Ozone loss over the South Pole has seen a 30% reduction this year, RIA-Novosti quoted the European Space Agency (ESA) 's press release on Wednesday.
According to data from the agency's Envisat satellite, the South Pole's ozone layer has lost approximately 27.7 million metric tons this year, compared to 2006's record of 40 million metric tons.
The size of the hole is now estimated at 24.7 million sq km (15 million sq miles) - equivalent to the size of the North America - against 29.5 million sq km (18 million sq miles) last year.
"Although the hole is somewhat smaller than usual, we cannot conclude from this that the ozone layer is recovering," the press release quotes a senior project scientist at Royal Dutch Meteorological Institute, as saying.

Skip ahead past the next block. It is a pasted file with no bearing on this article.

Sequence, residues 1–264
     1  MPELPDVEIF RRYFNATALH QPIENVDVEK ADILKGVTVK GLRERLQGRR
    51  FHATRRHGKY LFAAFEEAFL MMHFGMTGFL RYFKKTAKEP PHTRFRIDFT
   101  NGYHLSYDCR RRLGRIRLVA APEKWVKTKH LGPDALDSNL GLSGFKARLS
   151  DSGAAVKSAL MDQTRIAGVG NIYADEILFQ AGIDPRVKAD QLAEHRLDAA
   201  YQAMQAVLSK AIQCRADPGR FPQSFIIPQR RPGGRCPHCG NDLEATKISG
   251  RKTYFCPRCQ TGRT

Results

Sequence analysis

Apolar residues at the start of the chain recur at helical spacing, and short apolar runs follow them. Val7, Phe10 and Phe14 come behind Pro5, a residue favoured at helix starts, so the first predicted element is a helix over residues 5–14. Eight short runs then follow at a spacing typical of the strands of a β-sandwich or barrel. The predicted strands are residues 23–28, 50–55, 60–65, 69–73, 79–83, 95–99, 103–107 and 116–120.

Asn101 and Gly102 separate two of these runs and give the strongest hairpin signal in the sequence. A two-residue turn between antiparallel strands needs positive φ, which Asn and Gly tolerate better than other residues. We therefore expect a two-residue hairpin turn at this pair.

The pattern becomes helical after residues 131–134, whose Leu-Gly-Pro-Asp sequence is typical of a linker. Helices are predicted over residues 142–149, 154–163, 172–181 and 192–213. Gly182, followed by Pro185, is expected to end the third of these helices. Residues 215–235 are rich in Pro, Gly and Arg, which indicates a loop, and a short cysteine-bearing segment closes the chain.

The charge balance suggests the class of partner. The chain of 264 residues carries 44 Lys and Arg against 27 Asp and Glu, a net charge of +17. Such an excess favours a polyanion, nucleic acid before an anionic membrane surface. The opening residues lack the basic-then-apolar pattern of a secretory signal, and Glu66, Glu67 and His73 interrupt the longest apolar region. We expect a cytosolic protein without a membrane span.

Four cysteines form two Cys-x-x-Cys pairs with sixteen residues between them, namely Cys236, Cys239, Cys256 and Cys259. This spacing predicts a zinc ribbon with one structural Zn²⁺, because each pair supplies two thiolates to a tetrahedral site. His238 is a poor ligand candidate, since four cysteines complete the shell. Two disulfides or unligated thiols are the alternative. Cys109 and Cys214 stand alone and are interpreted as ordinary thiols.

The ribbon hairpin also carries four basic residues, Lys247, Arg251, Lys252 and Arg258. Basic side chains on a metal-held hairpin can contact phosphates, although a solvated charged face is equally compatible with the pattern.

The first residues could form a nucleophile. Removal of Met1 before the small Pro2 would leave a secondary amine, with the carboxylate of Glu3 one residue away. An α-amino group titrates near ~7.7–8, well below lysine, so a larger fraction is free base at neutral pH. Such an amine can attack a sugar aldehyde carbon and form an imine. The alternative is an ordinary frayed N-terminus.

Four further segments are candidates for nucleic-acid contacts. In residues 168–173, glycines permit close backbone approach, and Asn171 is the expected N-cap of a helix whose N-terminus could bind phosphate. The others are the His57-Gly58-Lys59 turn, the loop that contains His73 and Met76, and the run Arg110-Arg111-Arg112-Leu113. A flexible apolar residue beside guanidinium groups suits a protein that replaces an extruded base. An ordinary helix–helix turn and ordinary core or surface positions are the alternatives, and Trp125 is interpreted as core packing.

He explained the phenomenon by the fact that this year's hole was less centered on the South Pole, and that the inflow of warm air which prevents the ozone from depleting was more intensive.
The ozone hole, first recognized in 1985, occurs during the Antarctic spring, from September to November or December. The overall cause is chlorine-containing gas that in sunlight splits into highly ozone-reactive radicals and breaks ozone down into individual oxygen molecules. One molecule of chlorine can theoretically split thousands of ozone molecules.